A: Yes, if those policies and procedures do not implement the Amendments Act’s new legal standards. As noted above, the definition of disability is to be interpreted broadly, so determining whether one has a disability should not demand extensive analysis, and the determination shall be made without regard to the ameliorative effects of mitigating measures . . .

Q11: What must a school district do for a student who has a disability but does not need any special education or related services?

A: As described in the Section 504 regulation, a school district must conduct an evaluation of any individual who, because of a disability, needs or is believed to need special education or related services, and must do so before taking any action with respect to the initial placement of the person in regular or special education or any significant change in placement. 34 C.F.R. § 104.35(a). If, as a result of a properly conducted evaluation, the school district determines that the student does not need special education or related services, the district is not required to provide aids or services. Neither the Amendments Act nor Section 504 obligates a school district to provide aids or services that the student does not need. But the school district must still conduct an evaluation before making a determination. Further, the student is still a person with a disability, and so is protected by Section 504’s general nondiscrimination prohibitions and Title II’s statutory and regulatory requirements. See 28 C.F.R. § 35.130(b); 34 C.F.R. §§ 104.4(b), 104.21-23, 104.37, 104.61 (incorporating 34 C.F.R. § 100.7(e)).

For example, suppose a student is diagnosed with severe asthma that is a disability because it substantially limits the major life activity of breathing and the function of the respiratory system. However, based on the evaluation, the student does not need any special education or related service as a result of the disability. This student fully participates in her school’s regular physical education program and in extracurricular sports; she does not need help administering her medicine; and she does not require any modifications to the school’s policies, practices, or procedures. The school district is not obligated to provide the student with any additional services. The student is still a person with a disability, however, and therefore remains protected by the general nondiscrimination provisions of Section 504 and Title II.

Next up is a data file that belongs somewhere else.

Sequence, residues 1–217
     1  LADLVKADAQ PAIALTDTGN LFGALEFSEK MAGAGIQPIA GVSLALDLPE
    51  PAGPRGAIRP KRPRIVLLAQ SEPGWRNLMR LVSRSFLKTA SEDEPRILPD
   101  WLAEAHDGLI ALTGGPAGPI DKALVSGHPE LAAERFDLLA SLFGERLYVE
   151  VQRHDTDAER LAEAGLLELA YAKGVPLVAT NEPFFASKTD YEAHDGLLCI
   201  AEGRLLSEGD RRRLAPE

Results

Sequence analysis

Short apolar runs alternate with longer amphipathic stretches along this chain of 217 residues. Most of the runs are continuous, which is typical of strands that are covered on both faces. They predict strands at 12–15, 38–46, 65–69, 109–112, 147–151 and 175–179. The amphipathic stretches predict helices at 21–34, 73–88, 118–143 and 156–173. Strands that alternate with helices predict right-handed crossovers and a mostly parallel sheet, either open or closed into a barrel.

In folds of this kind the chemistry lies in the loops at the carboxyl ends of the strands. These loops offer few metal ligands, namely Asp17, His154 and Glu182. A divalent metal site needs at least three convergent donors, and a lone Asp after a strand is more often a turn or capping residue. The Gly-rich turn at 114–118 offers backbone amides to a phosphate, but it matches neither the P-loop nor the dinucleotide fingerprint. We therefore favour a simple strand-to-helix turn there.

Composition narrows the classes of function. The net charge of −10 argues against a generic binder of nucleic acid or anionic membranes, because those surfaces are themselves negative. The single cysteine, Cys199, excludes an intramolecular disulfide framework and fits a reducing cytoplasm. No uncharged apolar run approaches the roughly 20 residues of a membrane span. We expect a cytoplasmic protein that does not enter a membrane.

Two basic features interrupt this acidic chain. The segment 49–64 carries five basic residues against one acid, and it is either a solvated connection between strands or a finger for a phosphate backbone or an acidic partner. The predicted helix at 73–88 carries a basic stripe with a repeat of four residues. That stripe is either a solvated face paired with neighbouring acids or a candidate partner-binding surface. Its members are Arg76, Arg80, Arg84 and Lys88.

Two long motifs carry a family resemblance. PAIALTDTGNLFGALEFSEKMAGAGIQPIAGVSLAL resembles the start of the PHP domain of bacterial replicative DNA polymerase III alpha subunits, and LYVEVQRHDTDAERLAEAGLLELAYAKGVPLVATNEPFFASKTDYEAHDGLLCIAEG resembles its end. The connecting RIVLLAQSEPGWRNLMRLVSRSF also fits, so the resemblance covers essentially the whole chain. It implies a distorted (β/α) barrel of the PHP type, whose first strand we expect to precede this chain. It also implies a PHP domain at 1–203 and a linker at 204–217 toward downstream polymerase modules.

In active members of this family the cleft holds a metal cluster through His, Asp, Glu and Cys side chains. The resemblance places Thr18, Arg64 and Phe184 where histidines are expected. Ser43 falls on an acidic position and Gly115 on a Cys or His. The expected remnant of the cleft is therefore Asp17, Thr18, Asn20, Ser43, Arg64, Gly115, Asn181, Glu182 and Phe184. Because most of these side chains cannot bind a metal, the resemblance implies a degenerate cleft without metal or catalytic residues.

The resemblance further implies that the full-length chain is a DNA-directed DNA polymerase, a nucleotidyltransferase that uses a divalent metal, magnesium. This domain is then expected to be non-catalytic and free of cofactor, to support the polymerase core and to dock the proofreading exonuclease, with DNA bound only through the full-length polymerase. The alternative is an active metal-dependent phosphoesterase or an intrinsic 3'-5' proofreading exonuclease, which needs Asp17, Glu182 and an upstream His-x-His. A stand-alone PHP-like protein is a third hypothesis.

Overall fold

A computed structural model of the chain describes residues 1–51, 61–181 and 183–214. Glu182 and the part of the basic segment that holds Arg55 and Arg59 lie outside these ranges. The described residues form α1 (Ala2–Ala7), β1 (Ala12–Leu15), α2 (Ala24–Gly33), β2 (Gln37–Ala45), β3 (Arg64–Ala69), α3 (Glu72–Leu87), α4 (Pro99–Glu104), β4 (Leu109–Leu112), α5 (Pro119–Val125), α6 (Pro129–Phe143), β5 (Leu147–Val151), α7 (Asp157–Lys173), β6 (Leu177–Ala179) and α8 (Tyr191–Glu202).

Q12: Should school districts conduct FAPE evaluations as described in the Section 504 regulation for students who, prior to the Amendments Act, had health problems but might not have been considered persons with a disability?

A: The answer depends upon whether, because of the health problem, that student has a disability and, because of that disability, needs, or is believed to need, special education or related services. A medical diagnosis alone does not necessarily trigger a school district’s obligation to conduct an evaluation to determine the need for special education or related services or the proper educational placement of a student who does have such need. As explained in Q11, a student with a disability may not need any special education or related service as a result of the disability.

Q13: Are the provision and implementation of a health plan developed prior to the Amendments Act sufficient to comply with the FAPE requirements as described in the Section 504 regulation?